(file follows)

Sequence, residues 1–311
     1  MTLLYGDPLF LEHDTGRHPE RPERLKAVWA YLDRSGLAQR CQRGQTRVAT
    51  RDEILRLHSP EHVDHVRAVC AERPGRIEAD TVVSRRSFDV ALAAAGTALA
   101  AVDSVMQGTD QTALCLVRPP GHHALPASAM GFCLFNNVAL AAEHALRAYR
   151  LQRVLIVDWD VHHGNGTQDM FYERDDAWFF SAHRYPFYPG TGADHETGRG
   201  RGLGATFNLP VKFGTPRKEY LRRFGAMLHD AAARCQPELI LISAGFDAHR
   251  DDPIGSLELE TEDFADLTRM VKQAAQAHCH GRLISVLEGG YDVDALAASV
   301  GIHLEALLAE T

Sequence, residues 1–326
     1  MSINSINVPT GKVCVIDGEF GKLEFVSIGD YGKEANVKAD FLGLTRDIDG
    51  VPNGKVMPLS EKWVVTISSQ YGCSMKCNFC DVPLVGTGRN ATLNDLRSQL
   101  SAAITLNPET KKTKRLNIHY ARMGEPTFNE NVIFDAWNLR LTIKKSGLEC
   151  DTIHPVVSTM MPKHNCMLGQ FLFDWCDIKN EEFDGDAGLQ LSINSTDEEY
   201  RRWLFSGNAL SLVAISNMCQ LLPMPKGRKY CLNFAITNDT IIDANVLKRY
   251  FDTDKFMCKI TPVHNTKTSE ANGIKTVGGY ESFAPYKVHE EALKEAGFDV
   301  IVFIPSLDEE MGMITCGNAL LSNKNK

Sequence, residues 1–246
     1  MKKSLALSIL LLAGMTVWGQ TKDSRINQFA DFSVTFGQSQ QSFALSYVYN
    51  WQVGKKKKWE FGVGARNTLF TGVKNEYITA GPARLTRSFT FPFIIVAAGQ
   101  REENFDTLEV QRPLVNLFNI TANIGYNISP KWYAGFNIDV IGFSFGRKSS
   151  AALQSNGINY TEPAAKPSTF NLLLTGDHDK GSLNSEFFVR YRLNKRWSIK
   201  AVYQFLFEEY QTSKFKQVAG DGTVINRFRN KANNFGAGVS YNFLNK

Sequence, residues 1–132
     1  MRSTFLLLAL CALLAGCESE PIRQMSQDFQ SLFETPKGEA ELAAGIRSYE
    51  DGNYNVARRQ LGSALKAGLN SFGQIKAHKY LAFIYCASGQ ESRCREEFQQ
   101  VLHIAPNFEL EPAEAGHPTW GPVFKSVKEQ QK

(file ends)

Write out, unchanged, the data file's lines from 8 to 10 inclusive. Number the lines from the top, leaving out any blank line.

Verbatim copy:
   301  GIHLEALLAE T

Sequence, residues 1–326
     1  MSINSINVPT GKVCVIDGEF GKLEFVSIGD YGKEANVKAD FLGLTRDIDG